Over recent years, piano teacher and composer June Armstrong has steadily developed an enviable reputation as one of Britain’s most prolific and distinctive educational composers. Her impressive range of self-published – and beautifully produced – titles now stretches to some 15 collections of pieces suitable for players at most levels from beginner to advanced.
Along the way, June has gained a cult following from teachers-in-the-know – and no doubt gained many new fans following the recent inclusion of several pieces in the graded syllabuses of the examination boards.
I have reviewed a number of June’s publications on Pianodao – you can find out more here:
The rise and rise of EVC Music Publications as an exciting and innovative music publisher can’t have escaped the notice of any player or teacher active on social media, and like many I have watched their emergence over the last three years or so with growing interest.
With the publication of Piano Tales for Alice – a brand new collection of easy pieces by acclaimed jazz performer and composer Nikki Iles – it seems to me that EVC Music has unequivocally arrived as a mature and significant force in music publishing.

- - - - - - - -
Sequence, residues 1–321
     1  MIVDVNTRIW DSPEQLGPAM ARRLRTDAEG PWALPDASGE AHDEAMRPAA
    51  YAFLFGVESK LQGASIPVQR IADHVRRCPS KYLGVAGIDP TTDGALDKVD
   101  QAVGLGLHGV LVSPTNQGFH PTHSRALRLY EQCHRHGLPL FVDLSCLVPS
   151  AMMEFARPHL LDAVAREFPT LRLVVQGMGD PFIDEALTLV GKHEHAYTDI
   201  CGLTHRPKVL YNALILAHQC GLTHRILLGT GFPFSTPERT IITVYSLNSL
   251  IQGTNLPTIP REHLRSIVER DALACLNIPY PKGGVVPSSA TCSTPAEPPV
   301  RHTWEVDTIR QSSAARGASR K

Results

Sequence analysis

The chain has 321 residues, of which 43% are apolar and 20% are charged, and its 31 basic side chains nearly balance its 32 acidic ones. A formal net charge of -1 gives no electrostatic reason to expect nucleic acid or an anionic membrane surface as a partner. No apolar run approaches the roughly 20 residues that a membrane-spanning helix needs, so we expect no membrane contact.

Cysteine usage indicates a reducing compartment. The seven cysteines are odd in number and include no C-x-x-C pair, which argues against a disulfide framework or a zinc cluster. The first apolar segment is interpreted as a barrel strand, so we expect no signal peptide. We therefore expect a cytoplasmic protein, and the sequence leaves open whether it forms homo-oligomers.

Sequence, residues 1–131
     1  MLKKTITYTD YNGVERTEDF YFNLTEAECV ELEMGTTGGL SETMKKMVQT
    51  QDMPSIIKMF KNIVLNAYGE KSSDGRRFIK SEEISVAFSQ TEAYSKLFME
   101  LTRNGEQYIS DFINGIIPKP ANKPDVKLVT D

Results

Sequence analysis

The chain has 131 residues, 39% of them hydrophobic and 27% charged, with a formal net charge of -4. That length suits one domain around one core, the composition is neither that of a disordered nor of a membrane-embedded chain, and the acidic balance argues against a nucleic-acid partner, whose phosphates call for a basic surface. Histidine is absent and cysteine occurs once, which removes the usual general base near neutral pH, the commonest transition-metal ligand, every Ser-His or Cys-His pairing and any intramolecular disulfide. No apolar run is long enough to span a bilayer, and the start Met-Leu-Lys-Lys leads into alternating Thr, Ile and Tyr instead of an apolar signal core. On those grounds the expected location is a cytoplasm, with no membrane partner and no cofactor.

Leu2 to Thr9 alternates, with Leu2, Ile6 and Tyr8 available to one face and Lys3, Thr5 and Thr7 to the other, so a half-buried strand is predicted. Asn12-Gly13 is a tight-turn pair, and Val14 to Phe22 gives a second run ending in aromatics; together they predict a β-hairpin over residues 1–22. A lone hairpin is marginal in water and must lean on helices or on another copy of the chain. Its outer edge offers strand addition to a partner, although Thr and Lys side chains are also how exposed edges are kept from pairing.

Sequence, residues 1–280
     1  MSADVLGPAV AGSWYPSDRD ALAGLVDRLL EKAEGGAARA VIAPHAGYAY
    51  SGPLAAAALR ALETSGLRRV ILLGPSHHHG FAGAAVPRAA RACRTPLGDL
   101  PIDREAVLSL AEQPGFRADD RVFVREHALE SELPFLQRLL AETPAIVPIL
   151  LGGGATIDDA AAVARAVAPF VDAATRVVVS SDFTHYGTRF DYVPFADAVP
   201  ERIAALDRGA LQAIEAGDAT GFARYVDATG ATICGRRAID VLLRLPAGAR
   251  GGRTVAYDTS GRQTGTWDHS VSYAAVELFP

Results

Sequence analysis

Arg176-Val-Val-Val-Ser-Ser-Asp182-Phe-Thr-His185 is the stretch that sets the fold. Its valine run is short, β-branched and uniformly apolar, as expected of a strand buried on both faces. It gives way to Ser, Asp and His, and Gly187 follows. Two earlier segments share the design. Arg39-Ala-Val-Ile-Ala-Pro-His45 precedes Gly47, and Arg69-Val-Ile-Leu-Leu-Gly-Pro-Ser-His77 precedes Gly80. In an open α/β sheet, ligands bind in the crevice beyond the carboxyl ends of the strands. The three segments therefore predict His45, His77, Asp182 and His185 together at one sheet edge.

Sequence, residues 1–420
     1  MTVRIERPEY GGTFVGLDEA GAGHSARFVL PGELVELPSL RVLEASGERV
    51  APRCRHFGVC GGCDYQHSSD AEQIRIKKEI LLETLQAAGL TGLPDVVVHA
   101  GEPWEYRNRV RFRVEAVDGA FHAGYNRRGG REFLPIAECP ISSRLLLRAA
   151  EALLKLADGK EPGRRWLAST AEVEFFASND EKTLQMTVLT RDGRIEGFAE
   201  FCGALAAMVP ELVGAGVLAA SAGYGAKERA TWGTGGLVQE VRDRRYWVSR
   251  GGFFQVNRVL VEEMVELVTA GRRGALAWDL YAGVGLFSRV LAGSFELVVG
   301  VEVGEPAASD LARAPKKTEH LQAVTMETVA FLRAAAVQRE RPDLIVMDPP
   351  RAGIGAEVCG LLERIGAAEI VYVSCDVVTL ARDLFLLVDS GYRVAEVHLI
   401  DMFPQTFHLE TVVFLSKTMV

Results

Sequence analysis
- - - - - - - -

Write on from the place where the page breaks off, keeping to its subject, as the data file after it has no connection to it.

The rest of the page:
Building on their activities thus far, with this publication EVC Music has hit the jackpot, bringing to market a genuine classic.
It’s all about Claude Debussy for classical music lovers and pianists this year, as we mark the centenary of his death in 1918.
And rightly so! Because few composers have made such a seminal contribution to the pianist’s literature, or composed music which explores such a range of colour, tonal possibility and timbre from the instrument.
Later on in this review I will be taking a look at the Bärenreiter Urtext edition of Debussy’s Préludes (1er Livre).
But first, what about players who aren’t yet sufficiently advanced for these masterpieces? For the developing pianist, the question often arises – where to start exploring Debussy’s rich, varied and substantial body of piano music?